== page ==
There are 38000+ shapes and there are 100+ possible shades of color (you can roughly tell how old someone is by asking them what lego colors they remember from their youth).

In the following months, Mattheij built a proof-of-concept sorting system using, of course, LEGO. He broke the problem down into a series of sub-problems (including "feeding LEGO reliably from a hopper is surprisingly hard," one of those facts of nature that will stymie even the best system design). After tinkering with the prototype at length, he expanded the system to a surprisingly complex system of conveyer belts (powered by a home treadmill), various pieces of cabinetry, and "copious quantities of crazy glue."

Here's a video showing the current system running at low speed:

The key part of the system was running the bricks past a camera paired with a computer running a neural net-based image classifier. That allows the computer (when sufficiently trained on brick images) to recognize bricks and thus categorize them by color, shape, or other parameters. Remember that as bricks pass by, they can be in any orientation, can be dirty, can even be stuck to other pieces. So having a flexible software system is key to recognizing—in a fraction of a second—what a given brick is, in order to sort it out. When a match is found, a jet of compressed air pops the piece off the conveyer belt and into a waiting bin.

After much experimentation, Mattheij rewrote the software (several times in fact) to accomplish a variety of basic tasks. At its core, the system takes images from a webcam and feeds them to a neural network to do the classification. Of course, the neural net needs to be "trained" by showing it lots of images, and telling it what those images represent. Mattheij's breakthrough was allowing the machine to effectively train itself, with guidance: Running pieces through allows the system to take its own photos, make a guess, and build on that guess. As long as Mattheij corrects the incorrect guesses, he ends up with a decent (and self-reinforcing) corpus of training data. As the machine continues running, it can rack up more training, allowing it to recognize a broad variety of pieces on the fly.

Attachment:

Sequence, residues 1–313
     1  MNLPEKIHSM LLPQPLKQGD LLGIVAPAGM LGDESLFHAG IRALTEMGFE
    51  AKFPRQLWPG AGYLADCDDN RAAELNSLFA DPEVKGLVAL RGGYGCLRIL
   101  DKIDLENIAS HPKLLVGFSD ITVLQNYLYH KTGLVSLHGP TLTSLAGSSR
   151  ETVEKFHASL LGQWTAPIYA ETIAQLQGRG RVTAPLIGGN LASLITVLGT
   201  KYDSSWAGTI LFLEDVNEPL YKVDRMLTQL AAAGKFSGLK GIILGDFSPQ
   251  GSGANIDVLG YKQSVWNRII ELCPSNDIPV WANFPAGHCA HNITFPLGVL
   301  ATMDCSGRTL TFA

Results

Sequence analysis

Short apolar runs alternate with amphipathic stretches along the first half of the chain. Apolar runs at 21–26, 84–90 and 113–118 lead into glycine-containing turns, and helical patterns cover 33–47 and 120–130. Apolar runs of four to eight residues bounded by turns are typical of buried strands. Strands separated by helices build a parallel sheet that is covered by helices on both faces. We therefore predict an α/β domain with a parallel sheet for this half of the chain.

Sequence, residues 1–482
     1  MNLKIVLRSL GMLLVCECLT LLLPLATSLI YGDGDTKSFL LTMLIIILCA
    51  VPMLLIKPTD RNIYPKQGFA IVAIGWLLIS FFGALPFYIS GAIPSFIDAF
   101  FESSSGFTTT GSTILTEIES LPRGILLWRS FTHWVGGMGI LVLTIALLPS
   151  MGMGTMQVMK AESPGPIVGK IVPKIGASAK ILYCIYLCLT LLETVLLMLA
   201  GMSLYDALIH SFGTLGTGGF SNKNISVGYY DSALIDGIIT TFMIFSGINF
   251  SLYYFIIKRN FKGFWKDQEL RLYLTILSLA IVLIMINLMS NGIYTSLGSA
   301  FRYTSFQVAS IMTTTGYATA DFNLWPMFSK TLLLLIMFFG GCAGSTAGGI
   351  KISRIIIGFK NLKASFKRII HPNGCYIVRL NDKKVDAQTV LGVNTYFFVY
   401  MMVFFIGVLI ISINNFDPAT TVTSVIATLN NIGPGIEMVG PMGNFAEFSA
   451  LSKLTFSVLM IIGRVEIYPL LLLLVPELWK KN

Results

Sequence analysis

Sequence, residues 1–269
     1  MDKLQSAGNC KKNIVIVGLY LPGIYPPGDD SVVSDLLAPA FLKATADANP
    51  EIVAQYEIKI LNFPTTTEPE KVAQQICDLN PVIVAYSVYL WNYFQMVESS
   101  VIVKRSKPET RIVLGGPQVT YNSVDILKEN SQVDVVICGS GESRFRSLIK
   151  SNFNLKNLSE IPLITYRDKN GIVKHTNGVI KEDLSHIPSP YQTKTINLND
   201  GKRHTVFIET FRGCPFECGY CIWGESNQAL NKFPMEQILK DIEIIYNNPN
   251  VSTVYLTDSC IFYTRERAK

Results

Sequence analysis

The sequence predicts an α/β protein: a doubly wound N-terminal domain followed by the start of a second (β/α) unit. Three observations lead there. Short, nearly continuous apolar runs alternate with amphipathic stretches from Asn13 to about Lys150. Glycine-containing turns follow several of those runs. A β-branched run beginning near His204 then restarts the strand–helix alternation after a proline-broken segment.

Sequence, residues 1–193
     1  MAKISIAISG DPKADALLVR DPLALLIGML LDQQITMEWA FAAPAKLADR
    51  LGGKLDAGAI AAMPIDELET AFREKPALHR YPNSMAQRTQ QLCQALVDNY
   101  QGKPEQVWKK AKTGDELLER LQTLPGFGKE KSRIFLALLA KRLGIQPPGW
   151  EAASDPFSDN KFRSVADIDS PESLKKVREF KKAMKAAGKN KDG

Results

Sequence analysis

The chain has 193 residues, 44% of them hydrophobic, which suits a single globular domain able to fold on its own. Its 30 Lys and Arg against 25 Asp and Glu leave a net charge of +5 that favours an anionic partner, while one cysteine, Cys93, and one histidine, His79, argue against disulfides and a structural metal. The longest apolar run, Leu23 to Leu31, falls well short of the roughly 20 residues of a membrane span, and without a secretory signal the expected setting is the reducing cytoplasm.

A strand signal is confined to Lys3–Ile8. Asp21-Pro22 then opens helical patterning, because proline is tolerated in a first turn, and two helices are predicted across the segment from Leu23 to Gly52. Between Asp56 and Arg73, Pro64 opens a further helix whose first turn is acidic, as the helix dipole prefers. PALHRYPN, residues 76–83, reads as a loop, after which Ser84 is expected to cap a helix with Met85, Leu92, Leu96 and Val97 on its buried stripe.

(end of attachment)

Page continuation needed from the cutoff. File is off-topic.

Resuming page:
Here's another video, focusing on how the pieces move on conveyer belts (running at slow speed so puny humans can follow). You can also see the air jets in action:

In an email interview, Mattheij told Mental Floss that the system currently sorts LEGO bricks into more than 50 categories. It can also be run in a color-sorting mode to bin the parts across 12 color groups. (Thus at present you'd likely do a two-pass sort on the bricks: once for shape, then a separate pass for color.) He continues to refine the system, with a focus on making its recognition abilities faster. At some point down the line, he plans to make the software portion open source. You're on your own as far as building conveyer belts, bins, and so forth.

Check out Mattheij's writeup in two parts for more information. It starts with an overview of the story, followed up with a deep dive on the software. He's also tweeting about the project (among other things). And if you look around a bit, you'll find bulk LEGO brick auctions online—it's definitely a thing!

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Name the Author Based on the Character
May 23, 2017